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RE: Storing single numbers in the database

From: Mark W. Farnham <>
Date: Wed, 6 Jun 2007 09:48:18 -0400
Message-ID: <001201c7a841$5842ec70$>

This was too long to come through yesterday. Given the comments on the thread I'm thinking it is still relevant, presuming you avoid implicit conversions in your code. This is *not* to be taken as advice regarding the char versus varchar2 bit of the thread, I just used the types asked about by the OP. With a nod to Mark Bobak for taking the time to run a test, the relative sorting time will be small in absolute difference and the small difference will be dominated by internal storage size. There will be a small range of number of rows where the size difference may push numeric into non-memory sorting while character/string storage will still be in memory, so there is potentially a huge win for character in the event you are chronically at that number of rows being sorted. Far more important is the the true purpose of the column and whether it fits the "nulls drop out" usage.

I wonder if the developer is talking about a character interface and whether the real concern is about doing the type conversion in his code to ensure he avoids an implicit type conversion talking to Oracle. Extra lines of code in applications have their own weight in memory size, execution cost, readability and maintenance; from what we know in this case (barring the huge potential advantage on index lookups if the "nulls drop out" usage is germaine) there is no way to know whether economy in the application code dominates. Finally, notice the glaring omission of testing multibyte character sets in my results below. (Tildes are nulls.) mwf
From: Mark W. Farnham [] Sent: Tuesday, June 05, 2007 4:57 PM
Since Oracle doesn't really have bit flags, char(1) is equally small as a number for 0 and 1. Hmm, well let's check:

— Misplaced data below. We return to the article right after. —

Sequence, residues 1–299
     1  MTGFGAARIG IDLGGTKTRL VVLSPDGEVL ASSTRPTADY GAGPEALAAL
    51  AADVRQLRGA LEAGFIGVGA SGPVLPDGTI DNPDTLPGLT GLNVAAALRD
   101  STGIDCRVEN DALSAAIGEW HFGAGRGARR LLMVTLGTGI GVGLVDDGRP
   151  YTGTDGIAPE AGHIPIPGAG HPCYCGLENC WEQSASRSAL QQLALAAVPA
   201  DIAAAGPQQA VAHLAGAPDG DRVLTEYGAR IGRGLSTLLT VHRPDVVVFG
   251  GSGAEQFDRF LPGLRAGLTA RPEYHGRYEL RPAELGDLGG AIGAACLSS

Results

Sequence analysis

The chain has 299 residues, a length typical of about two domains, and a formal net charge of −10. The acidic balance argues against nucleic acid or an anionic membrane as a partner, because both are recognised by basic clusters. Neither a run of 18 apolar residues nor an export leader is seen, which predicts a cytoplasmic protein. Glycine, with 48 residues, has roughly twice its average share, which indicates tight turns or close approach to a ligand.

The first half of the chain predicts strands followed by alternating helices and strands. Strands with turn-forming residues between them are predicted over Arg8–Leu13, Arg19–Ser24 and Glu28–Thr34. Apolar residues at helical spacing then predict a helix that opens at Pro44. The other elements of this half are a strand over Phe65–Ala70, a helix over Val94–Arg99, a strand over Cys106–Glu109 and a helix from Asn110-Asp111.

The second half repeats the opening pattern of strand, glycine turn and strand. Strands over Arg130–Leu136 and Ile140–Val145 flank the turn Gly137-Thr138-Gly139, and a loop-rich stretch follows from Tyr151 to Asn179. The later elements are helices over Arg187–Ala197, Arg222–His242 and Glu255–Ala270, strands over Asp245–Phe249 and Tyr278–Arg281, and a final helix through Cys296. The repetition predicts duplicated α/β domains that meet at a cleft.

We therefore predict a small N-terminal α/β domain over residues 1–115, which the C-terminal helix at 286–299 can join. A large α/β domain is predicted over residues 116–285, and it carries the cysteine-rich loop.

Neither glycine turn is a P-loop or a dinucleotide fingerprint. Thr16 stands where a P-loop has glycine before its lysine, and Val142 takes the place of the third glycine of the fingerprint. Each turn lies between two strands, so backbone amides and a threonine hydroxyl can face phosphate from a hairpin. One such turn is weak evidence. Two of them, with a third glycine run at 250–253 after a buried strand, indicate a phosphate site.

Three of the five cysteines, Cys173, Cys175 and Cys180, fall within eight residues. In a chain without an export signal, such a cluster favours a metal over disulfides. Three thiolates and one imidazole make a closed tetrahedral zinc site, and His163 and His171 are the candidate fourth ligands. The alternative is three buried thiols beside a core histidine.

SQL> create table test63 (cval char(1), nval number);

insert into test63 values (null,null);
insert into test63 values ('1',1);
insert into test63 values ('0',0);

SQL> break on report
SQL> compute sum of vsize(cval) on report
SQL> compute sum of vsize(nval) on report
SQL> column cval format a4
SQL> select a.*,vsize(cval),vsize(nval) from test63 a

---- ---------- ----------- -----------
~    ~          ~           ~
1             1           1           2
0             0           1           1
                ----------- -----------
sum                       2           3

Well - I'd say vsize of a null should be zero (given that the definition is the internal storage size, which paradoxically is in fact knowable for a NULL), but that aside it seems that character '1' only takes up one byte while numeric 1 takes up two bytes. (That might be a release specific bug on the test database I have laying around.) So if in fact the real purpose of the column is to store only 0 and 1, character is in fact smaller. If you have just those two values, then you don't have problems such as '9' > '10' (which even Oracle blew in several releases of OEM so you couldn't install on 10g because '10' < '9' was true in an XML evaluation you couldn't change.) Now usually bit flags like this have some logical purpose. If this is in fact a new feature, the developer might actually do well to use NULL and 0 (not worrying about whether it is char or number, since the 0 is special cased as a single byte in numbers. HMM - if you're using some UTF multi-byte set, the numbers are smaller. Using NULL and 0 in this fashion to represent "Handled" and "Not Handled" - if that is the purpose of the bit flag - then allows quick lookup of the rows that "need work" since the handled rows disappear from the index.

So I've waxed on a long time about this innocous question. I hope (aside from a rehash of the disappearing index refererence of NULL and storage size issues) this raises the question for you: What is this column for? The whole answer is more than "The column is for storing either '0' or '1'" in every case I have ever seen. So as the DBA, you'll need to get a little more information about the purpose of the column to give the best answer about how it should be stored.

Received on Wed Jun 06 2007 - 08:48:18 CDT

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